Wednesday, July 27, 2011

Ohio sex offender registry clarification asked

Attorney General Mike DeWine and Warren County Prosecutor David Fornshell are asking the Ohio Supreme Court to clarify its decision in State v. Williams last week that struck down parts of the state's sex-offender law that had been applied retroactively to crimes committed before the law took effect in 2008.

In a motion to “reconsider and/or clarify” the state’s officials say "It’s genuinely unclear what the court meant to do doctrinally, and that confusion has significant consequences,” an article in yesterday’s Columbus Dispatch said. “That confusion, in part,” the article said, was because the justices in the majority ‘entangled’ federal and state constitutional law.”

The state of Nebraska, too, is being sued over changes made to rules for inclusion in its sex offender registry last year. “It used to be risk-based,” an ABC News article Monday said, “meaning if an offender was deemed low-risk, his or her name wouldn't be made public. Those who were likely to reoffend were placed on the registry…. Now, anyone convicted of a crime with a sexual element is on the Internet-based registry for everyone to see, and that has plaintiffs arguing that the new law should not be retroactive to those who weren't initially on the registry because they were considered low-risk.”

State Sen. Pete Pirsch, who introduced and sponsored LB 285, said the old system was flawed because it was based on subjective assessments where, he said, the law should be based on objective, scientific fact.

Pirsch also told ABC News that “the lion's share of these moving parts that were in LB 285 have been in place in other states and have been tested and have been upheld in terms of constitutionality," but the article also referred to the Ohio case, above’s ruling that the state unfairly increased punishment on people whose crimes happened before the law took effect.

Supreme Court’s summary of State v. Williams
State v. Williams, Slip Opinion No. 2011-Ohio-3374

Tuesday, July 26, 2011

3rd. Circuit OKs DNA Collection on Arrest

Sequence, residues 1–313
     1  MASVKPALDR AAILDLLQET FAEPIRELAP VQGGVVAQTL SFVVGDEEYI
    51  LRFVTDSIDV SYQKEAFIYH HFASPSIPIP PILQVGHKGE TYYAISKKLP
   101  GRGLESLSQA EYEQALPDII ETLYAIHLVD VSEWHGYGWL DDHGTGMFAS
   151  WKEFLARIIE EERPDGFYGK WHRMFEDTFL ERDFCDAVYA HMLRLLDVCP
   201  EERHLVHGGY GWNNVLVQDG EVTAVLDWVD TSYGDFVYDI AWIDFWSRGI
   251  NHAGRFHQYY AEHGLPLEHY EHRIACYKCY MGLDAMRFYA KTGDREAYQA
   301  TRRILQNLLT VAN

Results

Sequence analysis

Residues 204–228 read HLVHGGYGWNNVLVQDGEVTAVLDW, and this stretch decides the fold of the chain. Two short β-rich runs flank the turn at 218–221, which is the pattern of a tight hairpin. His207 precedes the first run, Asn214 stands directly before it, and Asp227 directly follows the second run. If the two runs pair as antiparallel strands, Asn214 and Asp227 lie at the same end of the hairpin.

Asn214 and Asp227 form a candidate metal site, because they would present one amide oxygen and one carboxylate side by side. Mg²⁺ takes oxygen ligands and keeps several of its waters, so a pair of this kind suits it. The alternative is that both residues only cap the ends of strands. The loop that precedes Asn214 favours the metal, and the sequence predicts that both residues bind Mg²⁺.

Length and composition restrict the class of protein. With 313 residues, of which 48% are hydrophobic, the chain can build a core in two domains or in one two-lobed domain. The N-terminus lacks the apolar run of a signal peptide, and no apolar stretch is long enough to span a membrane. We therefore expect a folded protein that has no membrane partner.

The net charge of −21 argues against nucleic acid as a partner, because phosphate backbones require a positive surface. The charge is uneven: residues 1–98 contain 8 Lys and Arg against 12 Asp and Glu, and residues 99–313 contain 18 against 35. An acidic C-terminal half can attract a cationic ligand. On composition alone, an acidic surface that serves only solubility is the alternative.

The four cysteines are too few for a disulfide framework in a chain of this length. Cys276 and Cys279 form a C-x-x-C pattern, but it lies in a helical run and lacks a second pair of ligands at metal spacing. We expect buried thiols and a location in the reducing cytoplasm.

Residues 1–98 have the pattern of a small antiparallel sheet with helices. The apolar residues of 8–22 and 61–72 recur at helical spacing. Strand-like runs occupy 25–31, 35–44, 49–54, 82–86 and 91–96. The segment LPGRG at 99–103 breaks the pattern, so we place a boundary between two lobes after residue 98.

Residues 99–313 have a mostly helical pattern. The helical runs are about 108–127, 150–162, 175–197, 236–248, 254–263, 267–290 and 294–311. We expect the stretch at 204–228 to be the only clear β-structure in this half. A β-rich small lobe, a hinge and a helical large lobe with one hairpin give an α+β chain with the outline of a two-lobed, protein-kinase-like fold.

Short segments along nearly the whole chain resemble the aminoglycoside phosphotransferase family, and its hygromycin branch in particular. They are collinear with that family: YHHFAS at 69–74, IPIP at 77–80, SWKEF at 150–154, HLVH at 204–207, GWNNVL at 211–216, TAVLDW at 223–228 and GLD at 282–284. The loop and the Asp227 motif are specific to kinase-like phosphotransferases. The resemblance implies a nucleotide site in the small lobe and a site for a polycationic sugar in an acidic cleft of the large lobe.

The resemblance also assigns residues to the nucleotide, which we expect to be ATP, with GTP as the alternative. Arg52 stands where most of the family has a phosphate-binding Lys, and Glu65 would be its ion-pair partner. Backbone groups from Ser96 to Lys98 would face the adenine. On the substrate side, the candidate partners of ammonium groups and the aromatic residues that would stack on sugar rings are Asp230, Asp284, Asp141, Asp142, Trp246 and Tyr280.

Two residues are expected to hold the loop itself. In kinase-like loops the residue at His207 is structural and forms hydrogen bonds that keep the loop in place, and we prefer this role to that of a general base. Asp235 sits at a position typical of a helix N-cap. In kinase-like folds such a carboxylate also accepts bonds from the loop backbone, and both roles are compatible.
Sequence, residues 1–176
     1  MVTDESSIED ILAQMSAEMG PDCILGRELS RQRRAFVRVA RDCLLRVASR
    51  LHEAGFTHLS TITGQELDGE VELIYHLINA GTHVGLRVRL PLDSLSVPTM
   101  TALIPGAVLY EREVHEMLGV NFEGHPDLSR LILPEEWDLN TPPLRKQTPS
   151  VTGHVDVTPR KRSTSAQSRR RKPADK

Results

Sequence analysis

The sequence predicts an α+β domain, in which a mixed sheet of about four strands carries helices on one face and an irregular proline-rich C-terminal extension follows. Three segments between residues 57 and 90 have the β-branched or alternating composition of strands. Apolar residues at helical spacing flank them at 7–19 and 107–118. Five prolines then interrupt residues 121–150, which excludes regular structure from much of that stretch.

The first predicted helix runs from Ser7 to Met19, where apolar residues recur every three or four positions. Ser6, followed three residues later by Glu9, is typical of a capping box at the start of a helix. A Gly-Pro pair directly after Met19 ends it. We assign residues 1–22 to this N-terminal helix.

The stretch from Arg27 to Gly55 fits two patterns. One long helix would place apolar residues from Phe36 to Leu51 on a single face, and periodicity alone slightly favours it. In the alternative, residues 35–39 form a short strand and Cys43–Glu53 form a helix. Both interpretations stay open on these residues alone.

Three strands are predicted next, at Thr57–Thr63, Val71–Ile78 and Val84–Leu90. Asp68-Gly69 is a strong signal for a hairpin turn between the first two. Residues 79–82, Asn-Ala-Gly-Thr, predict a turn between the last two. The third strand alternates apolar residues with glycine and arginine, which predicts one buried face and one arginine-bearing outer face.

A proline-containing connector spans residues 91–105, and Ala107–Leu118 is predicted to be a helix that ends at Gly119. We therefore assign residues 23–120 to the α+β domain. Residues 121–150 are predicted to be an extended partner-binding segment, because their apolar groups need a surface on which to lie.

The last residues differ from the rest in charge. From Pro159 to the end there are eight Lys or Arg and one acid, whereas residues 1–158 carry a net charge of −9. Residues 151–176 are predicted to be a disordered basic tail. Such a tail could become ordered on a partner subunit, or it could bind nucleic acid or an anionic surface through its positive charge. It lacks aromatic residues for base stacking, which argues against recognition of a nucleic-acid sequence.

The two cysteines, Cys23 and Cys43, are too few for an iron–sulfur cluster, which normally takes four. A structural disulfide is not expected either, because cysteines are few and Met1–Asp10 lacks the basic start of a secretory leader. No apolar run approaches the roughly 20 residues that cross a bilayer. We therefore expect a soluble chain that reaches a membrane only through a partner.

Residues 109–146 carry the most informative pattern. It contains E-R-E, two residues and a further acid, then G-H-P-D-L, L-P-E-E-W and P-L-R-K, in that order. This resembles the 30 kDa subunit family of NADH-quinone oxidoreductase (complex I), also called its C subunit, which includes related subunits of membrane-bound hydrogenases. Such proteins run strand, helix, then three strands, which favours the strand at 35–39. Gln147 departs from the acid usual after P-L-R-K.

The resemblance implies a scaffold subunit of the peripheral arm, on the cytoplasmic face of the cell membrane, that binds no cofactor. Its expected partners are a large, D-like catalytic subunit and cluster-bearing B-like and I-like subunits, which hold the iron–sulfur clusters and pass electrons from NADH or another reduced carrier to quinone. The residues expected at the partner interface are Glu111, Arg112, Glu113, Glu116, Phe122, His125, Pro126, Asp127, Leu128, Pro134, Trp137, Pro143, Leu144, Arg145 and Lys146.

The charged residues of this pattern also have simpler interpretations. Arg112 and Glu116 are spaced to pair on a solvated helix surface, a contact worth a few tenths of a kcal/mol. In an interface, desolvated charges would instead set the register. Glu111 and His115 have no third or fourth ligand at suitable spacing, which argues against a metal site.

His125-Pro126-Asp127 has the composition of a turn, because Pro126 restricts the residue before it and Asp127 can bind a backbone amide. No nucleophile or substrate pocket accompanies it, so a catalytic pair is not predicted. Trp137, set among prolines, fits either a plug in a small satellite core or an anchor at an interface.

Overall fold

Referring to DNA profiling samples are "fingerprints for the 21st century," a sharply divided 3rd Circuit Court of Appeals ruled that the government has the right to routinely collect DNA samples from anyone who is arrested for inclusion in a national database., yesterday.

The case had been a challenge to the constitutionality of federal statute enacted as part of the DNA Analysis Backlog Elimination Act of 2000, amended in 2006 to permit the collection of DNA samples from individuals who are arrested, facing charges, or convicted [ 42 U.S.C. § 14135a(a)(1)(A) and implementing regulation @ 28 CFR §28.12 ]

An article in The Legal Intelligencer this morning reported that the ruling overturns a November 2009 decision by U.S. District Judge David S. Cercone of the Western District of Pennsylvania that held prosecutors cannot, without a warrant, routinely collect DNA samples from arrestees for inclusion in a national database. Other courts – along with the 3rd. Circuit -- have already held that those convicted of certain crimes may be subjected to DNA sampling, but Cercone said that he found "no compelling reason to unduly burden a legitimate expectation of privacy and extend these warrantless, suspicionless searches to those members of society who have not been convicted, are presumed innocent, but have been arrested and are awaiting proper trial." ( District Court holding )

Writing for the 3rd. Circuit this time around, though, Circuit Court Judge Julio Fuentes’ majority opinion said “"DNA profiling is simply a more precise method of ascertaining identity and is thus akin to fingerprinting, which has long been accepted as part of routine booking procedures… Because they developed pursuant to the DNA Act function as 'genetic fingerprints' used only for identification purposes, arrestees and pretrial detainees have reduced privacy interests in the information derived from a DNA sample," ( 3rd. Circuit’s holding )

Circuit Judge Marjorie O. Rendell, writing in dissent, complained that "collecting and analyzing DNA is much more intrusive than either fingerprinting or photographing, and believes the privacy rights of arrestees ‘are not so weak as to permit the government to intrude into their bodies and extract the highly sensitive information coded in their genes.’”

Tuesday, July 19, 2011

Ohio court interpreter rule

The Ohio Supreme Court announced adoption, yesterday, of a new rule that "would require courts to hire a certified foreign language or sign language interpreter, when available, to ensure the 'meaningful participation' of deaf and limited English proficient individuals in court proceedings." The rule takes effect on Jan. 1, 2013.

The late, former Chief Justice Thomas Moyer appointed the Advisory Committee on Interpreter Services to study the best use of interpreters in Ohio courts back in April 2005, this having evolved from recommendations of the Ohio Racial Fairness Implementation Task Force. (Task Force Report )